WASHINGTON • US President Donald Trump has said his administration was considering potential tax cuts on wages as well as profits from asset sales, and sought to play down market anxieties that the world's top economy could be heading for a recession.
Speaking to reporters on Tuesday during a White House visit by Romanian President Klaus Iohannis, Mr Trump said "we're looking at various tax reductions", adding that a "payroll tax is something that we think about".
Recession fears were stoked last week when bond investors briefly demanded a higher interest rate on two-year Treasury bonds than on 10-year Treasury bonds, a potential signal of lost faith in near-term economic growth.
Mr Trump dismissed fears of a slowdown, extolling low unemployment and a rising stock market over his tenure.
"I think the word 'recession' is a word that's inappropriate... We're very far from a recession," he said.
While Mr Trump remains bullish, he and his economic advisers have been casting about for ways to cut taxes to foster growth amid troubling signs. Business investment is cooling and manufacturing has weakened.
US factory activity deteriorated last month to an almost three-year low, according to figures from the Institute for Supply Management.
I think the word 'recession' is a word that's inappropriate... We're very far from a recession.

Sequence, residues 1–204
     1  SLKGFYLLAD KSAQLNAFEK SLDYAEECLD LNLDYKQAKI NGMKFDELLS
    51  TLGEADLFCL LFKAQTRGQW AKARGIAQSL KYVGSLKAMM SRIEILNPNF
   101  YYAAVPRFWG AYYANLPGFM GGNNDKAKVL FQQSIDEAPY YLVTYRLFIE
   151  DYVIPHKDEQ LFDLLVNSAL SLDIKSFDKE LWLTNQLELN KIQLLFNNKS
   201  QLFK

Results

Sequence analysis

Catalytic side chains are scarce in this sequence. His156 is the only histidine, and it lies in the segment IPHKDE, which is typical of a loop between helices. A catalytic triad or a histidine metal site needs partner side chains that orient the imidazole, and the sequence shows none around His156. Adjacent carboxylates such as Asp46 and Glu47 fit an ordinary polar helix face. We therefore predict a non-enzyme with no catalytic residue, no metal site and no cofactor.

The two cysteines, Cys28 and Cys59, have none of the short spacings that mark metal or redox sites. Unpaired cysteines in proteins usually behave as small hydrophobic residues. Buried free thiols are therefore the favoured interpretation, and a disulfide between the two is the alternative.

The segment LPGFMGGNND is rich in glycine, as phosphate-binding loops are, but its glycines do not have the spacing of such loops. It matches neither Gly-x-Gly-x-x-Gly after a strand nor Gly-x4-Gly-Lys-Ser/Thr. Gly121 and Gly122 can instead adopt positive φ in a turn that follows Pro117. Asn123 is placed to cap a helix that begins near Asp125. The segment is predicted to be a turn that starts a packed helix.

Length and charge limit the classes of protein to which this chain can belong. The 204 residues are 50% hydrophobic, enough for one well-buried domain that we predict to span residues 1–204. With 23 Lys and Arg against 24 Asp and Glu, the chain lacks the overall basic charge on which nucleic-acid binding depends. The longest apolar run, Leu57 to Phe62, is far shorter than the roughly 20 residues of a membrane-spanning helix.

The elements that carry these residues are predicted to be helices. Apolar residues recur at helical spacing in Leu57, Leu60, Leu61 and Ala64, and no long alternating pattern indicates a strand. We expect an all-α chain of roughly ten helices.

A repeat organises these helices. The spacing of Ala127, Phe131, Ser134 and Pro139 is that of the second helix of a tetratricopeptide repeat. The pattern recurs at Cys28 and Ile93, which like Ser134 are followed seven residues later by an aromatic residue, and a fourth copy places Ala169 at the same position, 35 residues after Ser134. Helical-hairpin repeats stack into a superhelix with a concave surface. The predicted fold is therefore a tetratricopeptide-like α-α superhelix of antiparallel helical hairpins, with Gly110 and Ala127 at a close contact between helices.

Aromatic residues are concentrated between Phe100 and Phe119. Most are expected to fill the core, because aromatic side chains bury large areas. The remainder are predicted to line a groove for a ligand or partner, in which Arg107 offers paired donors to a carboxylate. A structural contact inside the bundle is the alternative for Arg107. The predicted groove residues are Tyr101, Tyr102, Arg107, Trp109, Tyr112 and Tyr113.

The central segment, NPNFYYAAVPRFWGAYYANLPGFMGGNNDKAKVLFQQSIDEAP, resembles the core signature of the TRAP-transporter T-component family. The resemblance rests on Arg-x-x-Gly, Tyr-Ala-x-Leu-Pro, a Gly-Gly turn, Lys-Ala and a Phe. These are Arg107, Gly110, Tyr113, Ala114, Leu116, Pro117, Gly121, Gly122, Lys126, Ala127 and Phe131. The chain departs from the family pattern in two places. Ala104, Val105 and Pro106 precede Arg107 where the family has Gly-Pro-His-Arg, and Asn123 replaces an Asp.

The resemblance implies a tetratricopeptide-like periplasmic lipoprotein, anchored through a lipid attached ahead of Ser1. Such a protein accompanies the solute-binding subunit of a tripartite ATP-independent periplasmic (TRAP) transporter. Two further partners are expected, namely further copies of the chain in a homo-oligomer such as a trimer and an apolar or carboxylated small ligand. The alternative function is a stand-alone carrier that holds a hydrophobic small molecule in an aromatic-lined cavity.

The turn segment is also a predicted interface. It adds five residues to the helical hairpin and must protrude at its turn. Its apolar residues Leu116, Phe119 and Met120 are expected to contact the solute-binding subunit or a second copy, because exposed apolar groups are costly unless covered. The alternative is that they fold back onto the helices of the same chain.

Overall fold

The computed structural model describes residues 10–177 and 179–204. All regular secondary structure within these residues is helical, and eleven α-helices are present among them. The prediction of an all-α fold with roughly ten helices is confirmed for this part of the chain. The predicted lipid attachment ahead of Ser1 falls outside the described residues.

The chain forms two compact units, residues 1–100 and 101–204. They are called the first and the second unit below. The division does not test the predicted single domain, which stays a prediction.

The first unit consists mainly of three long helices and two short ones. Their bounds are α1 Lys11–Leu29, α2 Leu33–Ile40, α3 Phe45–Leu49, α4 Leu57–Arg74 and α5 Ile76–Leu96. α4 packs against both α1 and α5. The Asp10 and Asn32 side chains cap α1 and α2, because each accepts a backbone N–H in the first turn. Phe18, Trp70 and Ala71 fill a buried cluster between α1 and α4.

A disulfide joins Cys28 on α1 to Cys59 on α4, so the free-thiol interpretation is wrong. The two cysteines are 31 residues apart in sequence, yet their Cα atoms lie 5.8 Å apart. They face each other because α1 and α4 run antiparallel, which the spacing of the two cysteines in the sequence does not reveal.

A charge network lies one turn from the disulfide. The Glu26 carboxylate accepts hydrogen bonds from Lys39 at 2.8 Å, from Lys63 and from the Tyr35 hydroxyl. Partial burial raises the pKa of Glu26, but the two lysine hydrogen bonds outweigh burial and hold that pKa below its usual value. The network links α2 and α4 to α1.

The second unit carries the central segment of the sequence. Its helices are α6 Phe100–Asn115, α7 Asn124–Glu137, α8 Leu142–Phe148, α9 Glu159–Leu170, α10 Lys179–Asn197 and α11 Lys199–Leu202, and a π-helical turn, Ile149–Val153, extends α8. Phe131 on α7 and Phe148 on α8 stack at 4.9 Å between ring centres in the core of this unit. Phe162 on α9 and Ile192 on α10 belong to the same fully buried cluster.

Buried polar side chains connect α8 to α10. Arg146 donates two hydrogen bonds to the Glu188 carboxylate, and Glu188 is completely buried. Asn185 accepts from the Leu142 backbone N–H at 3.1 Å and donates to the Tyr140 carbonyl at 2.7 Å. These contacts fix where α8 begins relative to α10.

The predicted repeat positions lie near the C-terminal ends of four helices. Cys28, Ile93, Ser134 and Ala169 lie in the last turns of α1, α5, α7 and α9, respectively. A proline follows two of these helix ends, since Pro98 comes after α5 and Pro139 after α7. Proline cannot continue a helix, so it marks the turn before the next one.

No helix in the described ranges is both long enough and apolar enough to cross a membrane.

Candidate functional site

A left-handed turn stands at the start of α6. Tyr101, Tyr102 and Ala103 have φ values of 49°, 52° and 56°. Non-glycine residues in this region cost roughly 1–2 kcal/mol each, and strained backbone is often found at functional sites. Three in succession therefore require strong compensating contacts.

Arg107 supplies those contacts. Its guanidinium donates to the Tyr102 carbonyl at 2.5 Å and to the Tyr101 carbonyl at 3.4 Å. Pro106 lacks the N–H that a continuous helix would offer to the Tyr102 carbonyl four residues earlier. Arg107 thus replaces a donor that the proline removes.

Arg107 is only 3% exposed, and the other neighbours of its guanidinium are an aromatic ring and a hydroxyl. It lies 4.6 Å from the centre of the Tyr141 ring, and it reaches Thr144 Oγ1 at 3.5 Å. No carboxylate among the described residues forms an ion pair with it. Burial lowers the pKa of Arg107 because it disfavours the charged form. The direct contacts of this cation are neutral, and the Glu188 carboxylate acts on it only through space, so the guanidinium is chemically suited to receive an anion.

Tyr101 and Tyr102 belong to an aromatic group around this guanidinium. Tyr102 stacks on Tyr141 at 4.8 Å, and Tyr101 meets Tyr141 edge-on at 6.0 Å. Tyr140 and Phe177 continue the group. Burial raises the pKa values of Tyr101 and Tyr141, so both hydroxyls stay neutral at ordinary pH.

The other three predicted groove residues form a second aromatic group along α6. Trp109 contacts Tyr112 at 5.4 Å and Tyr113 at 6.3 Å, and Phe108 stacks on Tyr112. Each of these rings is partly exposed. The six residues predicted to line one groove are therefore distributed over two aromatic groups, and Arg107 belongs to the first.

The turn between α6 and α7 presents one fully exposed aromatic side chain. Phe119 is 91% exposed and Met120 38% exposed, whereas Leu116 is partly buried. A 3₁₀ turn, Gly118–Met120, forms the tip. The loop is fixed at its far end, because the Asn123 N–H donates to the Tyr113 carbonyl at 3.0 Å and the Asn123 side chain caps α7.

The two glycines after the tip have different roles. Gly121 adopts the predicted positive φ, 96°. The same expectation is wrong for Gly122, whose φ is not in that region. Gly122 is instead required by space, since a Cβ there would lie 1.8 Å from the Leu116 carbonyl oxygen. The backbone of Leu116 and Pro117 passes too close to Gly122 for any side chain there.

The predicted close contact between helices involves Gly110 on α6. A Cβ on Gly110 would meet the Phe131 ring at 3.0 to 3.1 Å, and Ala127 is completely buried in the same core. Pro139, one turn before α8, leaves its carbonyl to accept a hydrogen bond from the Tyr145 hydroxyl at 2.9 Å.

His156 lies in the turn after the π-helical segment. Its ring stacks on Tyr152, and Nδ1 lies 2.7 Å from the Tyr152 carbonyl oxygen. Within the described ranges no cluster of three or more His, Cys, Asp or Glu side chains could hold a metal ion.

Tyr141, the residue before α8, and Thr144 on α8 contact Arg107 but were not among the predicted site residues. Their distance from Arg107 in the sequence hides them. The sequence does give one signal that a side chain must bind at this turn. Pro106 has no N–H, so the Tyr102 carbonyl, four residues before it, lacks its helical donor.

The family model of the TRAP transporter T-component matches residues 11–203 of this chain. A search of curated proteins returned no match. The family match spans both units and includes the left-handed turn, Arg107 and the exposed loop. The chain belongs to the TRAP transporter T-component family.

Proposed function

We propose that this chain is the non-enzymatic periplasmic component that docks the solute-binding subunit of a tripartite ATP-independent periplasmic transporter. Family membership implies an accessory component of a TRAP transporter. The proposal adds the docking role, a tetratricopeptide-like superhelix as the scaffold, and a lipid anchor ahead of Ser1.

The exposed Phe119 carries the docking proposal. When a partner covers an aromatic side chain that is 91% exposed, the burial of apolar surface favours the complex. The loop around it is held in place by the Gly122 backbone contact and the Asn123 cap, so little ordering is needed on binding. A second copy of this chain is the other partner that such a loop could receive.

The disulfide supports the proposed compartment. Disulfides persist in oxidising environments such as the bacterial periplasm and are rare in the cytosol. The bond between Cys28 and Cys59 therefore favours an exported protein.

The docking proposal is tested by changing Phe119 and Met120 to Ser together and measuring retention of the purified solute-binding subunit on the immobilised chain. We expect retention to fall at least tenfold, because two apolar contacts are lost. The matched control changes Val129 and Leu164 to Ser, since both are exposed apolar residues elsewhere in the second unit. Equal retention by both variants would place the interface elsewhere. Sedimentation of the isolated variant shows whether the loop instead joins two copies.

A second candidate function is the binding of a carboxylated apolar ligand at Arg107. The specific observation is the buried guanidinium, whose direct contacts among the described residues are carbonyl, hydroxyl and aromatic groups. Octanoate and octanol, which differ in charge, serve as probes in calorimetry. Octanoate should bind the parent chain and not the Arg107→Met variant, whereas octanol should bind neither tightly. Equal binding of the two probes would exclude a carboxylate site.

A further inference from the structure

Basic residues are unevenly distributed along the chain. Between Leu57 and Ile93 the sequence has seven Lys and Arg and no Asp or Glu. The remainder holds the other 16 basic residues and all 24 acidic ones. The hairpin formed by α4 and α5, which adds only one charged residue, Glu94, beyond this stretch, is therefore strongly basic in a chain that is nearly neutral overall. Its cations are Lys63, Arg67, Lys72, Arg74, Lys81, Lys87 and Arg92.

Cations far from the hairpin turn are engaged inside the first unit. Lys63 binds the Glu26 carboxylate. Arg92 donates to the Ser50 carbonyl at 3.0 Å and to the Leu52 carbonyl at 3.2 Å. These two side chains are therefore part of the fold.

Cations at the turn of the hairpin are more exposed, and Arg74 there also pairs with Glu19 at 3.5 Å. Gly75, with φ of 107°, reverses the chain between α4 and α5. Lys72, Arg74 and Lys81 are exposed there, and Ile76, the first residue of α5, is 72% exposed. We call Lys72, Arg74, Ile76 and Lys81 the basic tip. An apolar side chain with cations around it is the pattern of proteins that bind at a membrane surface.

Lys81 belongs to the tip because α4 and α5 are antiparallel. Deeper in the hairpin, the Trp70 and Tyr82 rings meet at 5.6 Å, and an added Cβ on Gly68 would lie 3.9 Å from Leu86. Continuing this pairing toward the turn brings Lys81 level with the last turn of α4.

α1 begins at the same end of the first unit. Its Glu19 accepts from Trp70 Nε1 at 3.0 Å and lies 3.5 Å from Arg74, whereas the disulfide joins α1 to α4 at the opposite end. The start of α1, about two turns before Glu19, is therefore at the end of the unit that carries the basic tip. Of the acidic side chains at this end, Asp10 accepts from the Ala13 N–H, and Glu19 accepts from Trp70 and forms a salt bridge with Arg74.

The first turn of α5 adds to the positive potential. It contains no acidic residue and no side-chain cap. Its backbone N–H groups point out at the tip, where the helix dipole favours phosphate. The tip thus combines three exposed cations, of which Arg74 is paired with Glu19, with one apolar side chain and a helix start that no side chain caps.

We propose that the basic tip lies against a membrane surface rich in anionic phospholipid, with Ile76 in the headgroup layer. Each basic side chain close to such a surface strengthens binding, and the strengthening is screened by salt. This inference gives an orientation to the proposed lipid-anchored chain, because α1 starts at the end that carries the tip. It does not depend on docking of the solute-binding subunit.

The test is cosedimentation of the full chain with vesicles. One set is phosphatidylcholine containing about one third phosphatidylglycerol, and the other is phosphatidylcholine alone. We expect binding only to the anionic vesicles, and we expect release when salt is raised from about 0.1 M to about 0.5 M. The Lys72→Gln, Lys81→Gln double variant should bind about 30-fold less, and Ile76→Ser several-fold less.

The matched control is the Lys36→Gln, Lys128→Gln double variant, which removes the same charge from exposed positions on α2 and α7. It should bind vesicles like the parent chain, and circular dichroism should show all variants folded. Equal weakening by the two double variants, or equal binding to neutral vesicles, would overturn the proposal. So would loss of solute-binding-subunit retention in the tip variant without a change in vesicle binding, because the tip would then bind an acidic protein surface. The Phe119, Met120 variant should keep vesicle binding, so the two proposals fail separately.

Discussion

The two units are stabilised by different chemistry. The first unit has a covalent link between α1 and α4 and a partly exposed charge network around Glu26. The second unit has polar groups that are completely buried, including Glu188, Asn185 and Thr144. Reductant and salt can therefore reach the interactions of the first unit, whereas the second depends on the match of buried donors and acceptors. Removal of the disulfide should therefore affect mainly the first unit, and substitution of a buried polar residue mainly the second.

U.S. PRESIDENT DONALD TRUMP
A slowdown would be bad news for Mr Trump, who is building his 2020 bid for a second term around the economy's performance, but whose year-long trade war with China is weighing on growth.
Economic trends tend to predict election outcomes and recessions can be radioactive for the party in power. In the last century, the only elected US presidents who lost re-election did so after overseeing a recession - Mr George H.W. Bush in 1992, Mr Jimmy Carter in 1980 and Mr Herbert Hoover in 1932.
For Mr Trump, the economy may be even more important than for his predecessors. His low-40s approval rating is already perilous for an incumbent and the economy is the main factor keeping him afloat. He scores poorly on most other policy issues and on questions of leadership and character.
On Tuesday, he said he would not need the approval of Congress to link a tax on profits from asset sales, known as capital gains, to inflation. According to tax code experts, investors would pay far less capital gains tax if it were linked to an inflation index.
"I'm not talking about doing anything at this moment, but indexing is something that a lot of people have liked for a long time. And it's something that would be very easy to do," he said. "It is something I am certainly thinking about."
Former vice-president and Democratic presidential hopeful Joe Biden, campaigning in Iowa, said lowering the capital gains tax would only help the wealthy.
"The route the President has us going down is a big mistake," Mr Biden said after a rally. "We should be focusing on how you re-empower the middle class; we should be rewarding work, not wealth."
Payroll taxes fund the Medicare health insurance programme for the elderly and Social Security which, in turn, provides income payments for retirees.
Lowering them temporarily could boost consumer spending, a key driver of the US economy, but it would also deprive the government of tax revenues, at least in the short term.
At the end of 2017, Mr Trump signed a massive tax overhaul passed by the Republican-led Congress and has since promised to follow up with another round of major changes.